Vrijdag 21 oktober 2016, 11.30 u, Lokaal U.408 (Campus Groenenborger)

Voordracht georganiseerd door EMAT

Onderwerp: Bi3n+1Ti7Fe3n-3O9n+11 Perovskite-based Homologous Series
Spreker: Dmitry Batuk, EMAT, University of Antwerp

Although the perovskite structure (ABO3) is one of the simplest structure types of complex oxides, perovskite-based compounds can demonstrate extreme structural complexity. Structural and electronic instabilities, ordering of point vacancies and planar defects, formation of intergrowths and stacking faults and, more importantly, combinations of these factors results in extraordinary diversity of the perovskite crystal chemistry. The perovskite-based homologous series have been studied for decades, but apparently there is still room for exploring new materials constructed of 2D perovskite modules separated by interfaces of various types. A new Bi3n+1Ti7Fe3n-3O9n+11 perovskite-based homologous series will be presented in the lecture.
In this series perovskite blocks are separated by translational interfaces, which are based on anatase-like chains of double edge-sharing (Ti,Fe)O6 octahedra. The chains are connected to the octahedra of the perovskite blocks by sharing edges and corners. This configuration shifts the adjacent perovskite blocks relative to each other over a vector 1/2[110]p and creates S-shaped structure tunnels along the [010] direction. The tunnels accommodate double columns of Bi3+ cations, which stabilize the interfaces owing to their stereochemical activity.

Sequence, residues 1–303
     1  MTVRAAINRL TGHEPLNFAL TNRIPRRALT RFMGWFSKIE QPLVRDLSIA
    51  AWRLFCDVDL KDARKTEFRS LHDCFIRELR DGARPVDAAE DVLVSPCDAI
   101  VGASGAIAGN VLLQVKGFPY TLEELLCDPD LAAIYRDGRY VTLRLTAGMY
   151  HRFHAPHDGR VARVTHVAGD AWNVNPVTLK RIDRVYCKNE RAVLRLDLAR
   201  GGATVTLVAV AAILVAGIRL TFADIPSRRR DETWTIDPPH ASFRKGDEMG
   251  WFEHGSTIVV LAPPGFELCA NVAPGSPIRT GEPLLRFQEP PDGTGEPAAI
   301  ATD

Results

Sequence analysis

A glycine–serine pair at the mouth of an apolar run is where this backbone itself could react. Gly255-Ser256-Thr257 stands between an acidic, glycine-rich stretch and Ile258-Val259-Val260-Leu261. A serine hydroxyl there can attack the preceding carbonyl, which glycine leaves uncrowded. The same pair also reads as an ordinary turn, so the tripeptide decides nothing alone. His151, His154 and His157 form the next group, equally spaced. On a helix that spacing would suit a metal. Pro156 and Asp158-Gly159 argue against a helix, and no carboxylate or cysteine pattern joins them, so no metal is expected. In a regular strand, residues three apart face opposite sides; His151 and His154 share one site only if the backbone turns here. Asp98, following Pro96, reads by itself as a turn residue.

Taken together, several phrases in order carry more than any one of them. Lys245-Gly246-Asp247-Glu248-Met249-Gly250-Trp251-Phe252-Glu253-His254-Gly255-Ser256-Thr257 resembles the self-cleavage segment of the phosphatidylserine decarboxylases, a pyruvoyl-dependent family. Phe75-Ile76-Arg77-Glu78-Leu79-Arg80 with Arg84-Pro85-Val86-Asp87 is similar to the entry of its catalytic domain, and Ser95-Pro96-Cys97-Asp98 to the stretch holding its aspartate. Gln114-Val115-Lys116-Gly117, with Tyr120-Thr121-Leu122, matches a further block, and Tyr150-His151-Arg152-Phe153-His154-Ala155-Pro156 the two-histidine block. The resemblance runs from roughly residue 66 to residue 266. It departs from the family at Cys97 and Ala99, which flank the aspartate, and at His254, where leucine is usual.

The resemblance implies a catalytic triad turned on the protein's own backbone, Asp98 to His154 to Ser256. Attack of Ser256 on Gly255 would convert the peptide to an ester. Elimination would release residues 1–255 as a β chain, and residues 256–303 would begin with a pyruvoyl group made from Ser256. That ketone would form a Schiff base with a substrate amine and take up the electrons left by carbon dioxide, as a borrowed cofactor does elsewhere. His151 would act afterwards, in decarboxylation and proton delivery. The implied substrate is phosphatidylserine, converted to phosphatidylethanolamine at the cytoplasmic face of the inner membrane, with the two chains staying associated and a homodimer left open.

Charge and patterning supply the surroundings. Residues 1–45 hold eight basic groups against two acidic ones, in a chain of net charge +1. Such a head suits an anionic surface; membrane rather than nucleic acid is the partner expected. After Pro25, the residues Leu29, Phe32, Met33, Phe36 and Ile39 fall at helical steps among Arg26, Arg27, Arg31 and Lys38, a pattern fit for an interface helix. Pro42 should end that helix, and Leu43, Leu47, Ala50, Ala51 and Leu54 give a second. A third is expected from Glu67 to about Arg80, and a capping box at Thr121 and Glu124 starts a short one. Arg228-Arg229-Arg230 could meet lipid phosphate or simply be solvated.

Detailed structure analysis of the n = 3-6 members of the series using a combination of transmission electron microscopy and powder diffraction demonstrates that the stereochemical activity of the Bi3+ also plays an important role in the deformation of the perovskite blocks induced by the interfaces.

Vrijdag 14 oktober 2016, 11.30 u, Lokaal U.408 (Campus Groenenborger)

Voordracht georganiseerd door EMAT

Onderwerp: First-principles analysis of the spectroscopic limited maximum efficiency of photovoltaic absorber layers for CuAu-like chalcogenides and silicon​
Spreker: Marnik Bercx, EMAT, University of Antwerp

Chalcopyrite semiconductors are of considerable interest for application as absorber layers in thin-film photovoltaic cells. When growing films of these compounds, however, they are often found to contain CuAu-like domains, a metastable phase of chalcopyrite. It has been reported that for CuInS2, the presence of the CuAu-like phase improves the short circuit current of the chalcopyrite-based photovoltaic cell. We investigate the thermodynamic stability of both phases for a selected list of I-III-VI2 materials using a first-principles density functional theory approach. For the CuIn-VI2 compounds, the difference in formation energy between the chalcopyrite and CuAu-like phase is found to be close to 2 meV per atom, indicating a high likelihood of the presence of CuAu-like domains.